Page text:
There are lots of repetitive games out there that remain outright classics (Asteroids and Space Invaders just for starters). The problem is Worm War I feels like it should go somewhere but never does. And unlike the classics, its gameplay isn’t strong enough to justify the repetition. C-
Xenophobe (Atari, 1990)
Xenophobe has all the trappings of a modern (for the late-‘80s) arcade game which, of course, it was as a 1987 release by Bally-Midway. What makes Xenophobe an important game for the 2600 is that it introduces some tropes that had become de rigeur on other platforms: weapons upgrades, mutating enemies and mission completion. All of these things had been done one time or another on the VCS but rarely – if ever – in the same game.
In the arcades, Xenophobe’s hallmark gimmick was its split-screen play. I can’t speak to the quality of the two-player variation for the port at hand (although the Video Game Critic calls it a “complete and total sham.”). At any rate, this version of Xenophobe retains the basic look of the arcade game albeit dumbed down for late-‘70s tech.
The premise of this nakedly Alien-inspired game is that aliens have infested planet-defending space stations and it’s your job as a lone man with badly-pixellated hair to mess the MFers up. The first space station features one level and eight rooms (add a level for every succeeding space station up to the tenth) in which you will face critters (which look like some kind of alien space dog, complete with a tendency to bite you on the butt and refuse to let go), pods, tentacles, rollerbabies and, um, “snotterpillars.” The manual isn’t very clear on this, but I’m pretty sure the less-harmful rollerbabies evolve into the legitimately scary-looking snotterpillars. Either way, it’s a good idea not to dawdle; the longer you stick around a particular station the more likely you’re going to have to face these baddies and they’re no easy kill.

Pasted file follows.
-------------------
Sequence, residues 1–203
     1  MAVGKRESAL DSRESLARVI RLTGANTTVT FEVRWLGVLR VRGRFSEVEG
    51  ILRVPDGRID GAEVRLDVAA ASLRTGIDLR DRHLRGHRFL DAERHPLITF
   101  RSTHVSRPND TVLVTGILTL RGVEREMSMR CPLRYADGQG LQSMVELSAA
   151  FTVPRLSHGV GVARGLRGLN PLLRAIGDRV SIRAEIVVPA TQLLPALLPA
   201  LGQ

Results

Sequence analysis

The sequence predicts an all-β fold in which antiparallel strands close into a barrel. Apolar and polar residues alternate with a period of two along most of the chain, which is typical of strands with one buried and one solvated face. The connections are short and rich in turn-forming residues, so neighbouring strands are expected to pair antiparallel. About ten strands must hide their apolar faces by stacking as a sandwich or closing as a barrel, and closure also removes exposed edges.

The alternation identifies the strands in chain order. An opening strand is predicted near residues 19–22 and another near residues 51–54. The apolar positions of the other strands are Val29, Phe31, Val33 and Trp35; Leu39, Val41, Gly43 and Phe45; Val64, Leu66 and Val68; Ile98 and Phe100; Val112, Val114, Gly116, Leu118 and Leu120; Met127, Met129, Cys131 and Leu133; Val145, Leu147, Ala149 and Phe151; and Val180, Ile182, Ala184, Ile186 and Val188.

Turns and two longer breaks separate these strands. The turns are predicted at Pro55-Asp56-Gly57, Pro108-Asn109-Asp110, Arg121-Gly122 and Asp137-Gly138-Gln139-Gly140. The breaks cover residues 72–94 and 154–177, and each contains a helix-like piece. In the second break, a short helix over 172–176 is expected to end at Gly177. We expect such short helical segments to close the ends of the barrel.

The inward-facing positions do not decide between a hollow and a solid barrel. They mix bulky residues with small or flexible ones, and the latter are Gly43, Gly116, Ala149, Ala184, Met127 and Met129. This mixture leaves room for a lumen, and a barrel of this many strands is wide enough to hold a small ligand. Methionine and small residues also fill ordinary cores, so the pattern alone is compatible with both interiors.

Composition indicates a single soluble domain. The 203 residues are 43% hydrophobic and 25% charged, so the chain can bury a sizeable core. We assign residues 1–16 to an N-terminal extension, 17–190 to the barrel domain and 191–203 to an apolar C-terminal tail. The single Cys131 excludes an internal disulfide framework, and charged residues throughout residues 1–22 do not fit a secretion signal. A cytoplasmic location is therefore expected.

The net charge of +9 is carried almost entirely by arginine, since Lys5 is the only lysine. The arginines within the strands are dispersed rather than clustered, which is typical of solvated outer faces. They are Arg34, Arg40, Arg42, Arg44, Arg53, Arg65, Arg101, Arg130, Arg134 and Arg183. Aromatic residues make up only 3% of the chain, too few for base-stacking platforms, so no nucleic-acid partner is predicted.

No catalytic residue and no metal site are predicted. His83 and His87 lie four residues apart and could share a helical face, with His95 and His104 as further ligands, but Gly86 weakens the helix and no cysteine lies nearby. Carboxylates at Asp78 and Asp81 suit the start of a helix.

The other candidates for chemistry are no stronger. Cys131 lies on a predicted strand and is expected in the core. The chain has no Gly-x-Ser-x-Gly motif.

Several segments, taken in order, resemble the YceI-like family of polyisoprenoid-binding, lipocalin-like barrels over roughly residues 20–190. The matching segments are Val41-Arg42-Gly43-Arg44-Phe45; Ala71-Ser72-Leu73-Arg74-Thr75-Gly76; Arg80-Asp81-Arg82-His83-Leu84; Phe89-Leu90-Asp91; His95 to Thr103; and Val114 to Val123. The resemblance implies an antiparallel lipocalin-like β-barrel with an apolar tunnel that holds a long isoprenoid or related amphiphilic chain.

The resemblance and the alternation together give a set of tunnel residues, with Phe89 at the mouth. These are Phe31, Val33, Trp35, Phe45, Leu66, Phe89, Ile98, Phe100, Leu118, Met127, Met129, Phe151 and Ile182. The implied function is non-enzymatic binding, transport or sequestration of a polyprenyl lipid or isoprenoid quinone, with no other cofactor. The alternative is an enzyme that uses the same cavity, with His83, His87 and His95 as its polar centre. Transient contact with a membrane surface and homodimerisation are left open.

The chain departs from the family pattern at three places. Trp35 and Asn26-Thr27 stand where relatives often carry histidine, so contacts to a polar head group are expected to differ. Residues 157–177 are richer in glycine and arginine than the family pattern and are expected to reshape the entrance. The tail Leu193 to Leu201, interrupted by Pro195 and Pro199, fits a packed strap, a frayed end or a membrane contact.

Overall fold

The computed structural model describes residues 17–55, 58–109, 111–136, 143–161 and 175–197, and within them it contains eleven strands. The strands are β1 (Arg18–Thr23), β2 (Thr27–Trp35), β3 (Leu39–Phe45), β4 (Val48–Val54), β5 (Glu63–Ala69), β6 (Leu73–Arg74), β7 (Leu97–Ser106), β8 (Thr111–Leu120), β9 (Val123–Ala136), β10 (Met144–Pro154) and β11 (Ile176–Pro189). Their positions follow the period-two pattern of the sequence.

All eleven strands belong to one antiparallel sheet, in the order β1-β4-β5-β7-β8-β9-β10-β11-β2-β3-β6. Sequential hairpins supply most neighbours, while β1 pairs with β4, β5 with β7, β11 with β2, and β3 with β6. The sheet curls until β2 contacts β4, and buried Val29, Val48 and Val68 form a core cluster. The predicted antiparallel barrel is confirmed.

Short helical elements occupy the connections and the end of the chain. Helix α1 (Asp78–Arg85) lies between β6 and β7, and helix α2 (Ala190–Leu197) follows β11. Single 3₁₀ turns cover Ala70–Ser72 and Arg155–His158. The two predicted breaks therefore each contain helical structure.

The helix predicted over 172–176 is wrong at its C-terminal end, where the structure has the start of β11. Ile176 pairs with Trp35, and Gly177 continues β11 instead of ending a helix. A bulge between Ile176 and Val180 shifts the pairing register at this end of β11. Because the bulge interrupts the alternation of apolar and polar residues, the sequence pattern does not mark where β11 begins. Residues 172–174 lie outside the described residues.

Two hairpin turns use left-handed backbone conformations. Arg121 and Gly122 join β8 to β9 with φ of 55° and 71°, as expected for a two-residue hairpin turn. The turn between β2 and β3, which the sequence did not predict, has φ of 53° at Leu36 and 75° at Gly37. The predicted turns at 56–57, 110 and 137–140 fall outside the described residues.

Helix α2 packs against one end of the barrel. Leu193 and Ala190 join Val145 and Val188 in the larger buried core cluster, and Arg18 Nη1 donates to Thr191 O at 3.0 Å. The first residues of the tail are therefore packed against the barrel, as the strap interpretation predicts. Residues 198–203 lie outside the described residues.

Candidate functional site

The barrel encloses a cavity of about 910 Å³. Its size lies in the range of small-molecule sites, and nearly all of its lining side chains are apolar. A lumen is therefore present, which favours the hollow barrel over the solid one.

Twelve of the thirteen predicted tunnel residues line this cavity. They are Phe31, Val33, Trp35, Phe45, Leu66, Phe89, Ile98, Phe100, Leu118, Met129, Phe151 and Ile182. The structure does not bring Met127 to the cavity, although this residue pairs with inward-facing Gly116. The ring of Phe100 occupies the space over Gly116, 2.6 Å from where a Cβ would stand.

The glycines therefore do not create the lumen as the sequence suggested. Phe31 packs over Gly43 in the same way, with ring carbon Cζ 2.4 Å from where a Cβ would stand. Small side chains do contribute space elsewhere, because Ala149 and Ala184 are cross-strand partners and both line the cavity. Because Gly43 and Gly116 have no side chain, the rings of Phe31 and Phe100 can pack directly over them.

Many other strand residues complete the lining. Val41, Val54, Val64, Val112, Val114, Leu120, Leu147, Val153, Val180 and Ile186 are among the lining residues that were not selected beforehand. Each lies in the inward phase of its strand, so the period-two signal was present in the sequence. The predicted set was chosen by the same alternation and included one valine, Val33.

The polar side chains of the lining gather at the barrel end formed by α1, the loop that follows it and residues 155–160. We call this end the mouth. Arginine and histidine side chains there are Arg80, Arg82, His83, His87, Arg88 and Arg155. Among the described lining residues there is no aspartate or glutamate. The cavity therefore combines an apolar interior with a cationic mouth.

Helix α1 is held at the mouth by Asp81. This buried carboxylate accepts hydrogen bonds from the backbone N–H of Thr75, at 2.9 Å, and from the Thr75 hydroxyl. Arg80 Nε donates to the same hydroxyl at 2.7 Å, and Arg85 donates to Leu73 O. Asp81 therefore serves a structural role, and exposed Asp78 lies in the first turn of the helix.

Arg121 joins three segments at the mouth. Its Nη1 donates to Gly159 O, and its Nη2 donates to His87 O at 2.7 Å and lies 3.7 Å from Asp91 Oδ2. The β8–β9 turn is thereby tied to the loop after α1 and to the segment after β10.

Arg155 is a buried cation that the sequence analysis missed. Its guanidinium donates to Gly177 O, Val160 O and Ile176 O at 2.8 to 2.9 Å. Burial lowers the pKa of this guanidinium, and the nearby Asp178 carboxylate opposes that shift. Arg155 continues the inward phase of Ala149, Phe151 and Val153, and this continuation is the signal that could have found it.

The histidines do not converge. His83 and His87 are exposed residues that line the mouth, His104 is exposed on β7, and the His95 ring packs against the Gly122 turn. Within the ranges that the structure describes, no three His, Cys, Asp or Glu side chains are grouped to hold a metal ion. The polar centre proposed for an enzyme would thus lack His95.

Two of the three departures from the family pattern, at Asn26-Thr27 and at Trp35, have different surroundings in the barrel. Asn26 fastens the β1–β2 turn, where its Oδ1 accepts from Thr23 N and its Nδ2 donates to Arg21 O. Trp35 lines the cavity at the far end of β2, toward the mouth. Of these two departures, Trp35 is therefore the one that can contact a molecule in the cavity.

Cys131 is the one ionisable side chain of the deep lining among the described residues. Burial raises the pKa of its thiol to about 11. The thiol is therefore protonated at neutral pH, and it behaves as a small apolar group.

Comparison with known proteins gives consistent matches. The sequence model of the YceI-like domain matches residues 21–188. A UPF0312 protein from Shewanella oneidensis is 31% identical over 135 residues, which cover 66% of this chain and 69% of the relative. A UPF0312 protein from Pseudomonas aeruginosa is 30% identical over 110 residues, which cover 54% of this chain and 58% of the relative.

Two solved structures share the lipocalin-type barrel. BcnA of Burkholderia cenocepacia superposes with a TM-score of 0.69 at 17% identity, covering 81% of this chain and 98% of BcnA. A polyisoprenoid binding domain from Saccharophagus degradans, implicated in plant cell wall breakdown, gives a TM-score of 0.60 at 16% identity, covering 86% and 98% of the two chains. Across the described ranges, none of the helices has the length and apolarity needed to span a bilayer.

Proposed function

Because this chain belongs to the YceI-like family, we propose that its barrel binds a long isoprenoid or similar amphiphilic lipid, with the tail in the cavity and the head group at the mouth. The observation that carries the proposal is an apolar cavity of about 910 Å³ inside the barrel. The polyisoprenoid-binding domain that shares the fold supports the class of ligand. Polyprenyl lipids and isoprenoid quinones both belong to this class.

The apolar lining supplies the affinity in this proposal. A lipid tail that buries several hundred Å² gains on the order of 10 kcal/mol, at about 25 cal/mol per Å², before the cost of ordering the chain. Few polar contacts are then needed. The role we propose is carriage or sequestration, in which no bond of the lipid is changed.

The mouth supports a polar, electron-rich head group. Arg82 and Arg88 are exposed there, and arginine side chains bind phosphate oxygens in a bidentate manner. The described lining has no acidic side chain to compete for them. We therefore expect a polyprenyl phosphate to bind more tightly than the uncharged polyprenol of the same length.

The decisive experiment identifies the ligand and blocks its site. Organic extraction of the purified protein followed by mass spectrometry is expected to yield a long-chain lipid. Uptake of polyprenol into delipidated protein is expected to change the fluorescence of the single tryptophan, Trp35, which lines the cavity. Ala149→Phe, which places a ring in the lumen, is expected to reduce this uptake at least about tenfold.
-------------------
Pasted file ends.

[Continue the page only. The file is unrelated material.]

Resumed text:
Game does not skimp on points, although they’re not easy to earn. In between space stations you get 3,000 per Xenophobe killed plus more points for every artifact you collect. And because there are more targets with every space station, these points build exponentially.
I had a lot of fun with Xenophobe. It’s challenging, colourful and probably one of the best 2600 ports of a late-‘80s arcade game – miles beyond Activision’s pointless Double Dragon or oversimplified Rampage. B-